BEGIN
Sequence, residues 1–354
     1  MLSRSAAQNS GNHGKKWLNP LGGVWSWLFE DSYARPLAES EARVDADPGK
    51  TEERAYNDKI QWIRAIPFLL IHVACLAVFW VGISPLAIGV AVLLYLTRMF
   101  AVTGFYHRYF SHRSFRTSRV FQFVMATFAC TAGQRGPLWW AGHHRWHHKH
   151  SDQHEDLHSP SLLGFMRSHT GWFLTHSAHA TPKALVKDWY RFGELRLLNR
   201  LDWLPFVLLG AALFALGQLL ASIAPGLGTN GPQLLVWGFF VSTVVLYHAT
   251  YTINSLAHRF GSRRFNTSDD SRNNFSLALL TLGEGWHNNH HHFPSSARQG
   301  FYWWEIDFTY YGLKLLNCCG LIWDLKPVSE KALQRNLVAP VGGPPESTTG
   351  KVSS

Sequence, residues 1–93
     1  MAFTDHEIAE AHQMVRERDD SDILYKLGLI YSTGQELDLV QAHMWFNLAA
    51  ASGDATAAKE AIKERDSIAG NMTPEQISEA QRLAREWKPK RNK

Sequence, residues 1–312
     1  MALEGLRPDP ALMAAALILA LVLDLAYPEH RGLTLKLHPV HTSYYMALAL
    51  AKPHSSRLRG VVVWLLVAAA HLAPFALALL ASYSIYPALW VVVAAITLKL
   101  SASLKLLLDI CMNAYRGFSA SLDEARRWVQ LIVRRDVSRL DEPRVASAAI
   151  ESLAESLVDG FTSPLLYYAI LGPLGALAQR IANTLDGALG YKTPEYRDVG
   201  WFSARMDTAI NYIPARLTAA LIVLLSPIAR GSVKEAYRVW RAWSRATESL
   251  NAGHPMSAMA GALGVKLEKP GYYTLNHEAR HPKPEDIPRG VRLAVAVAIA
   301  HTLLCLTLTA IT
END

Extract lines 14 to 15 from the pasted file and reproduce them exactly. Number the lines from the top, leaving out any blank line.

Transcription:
     1  MALEGLRPDP ALMAAALILA LVLDLAYPEH RGLTLKLHPV HTSYYMALAL
    51  AKPHSSRLRG VVVWLLVAAA HLAPFALALL ASYSIYPALW VVVAAITLKL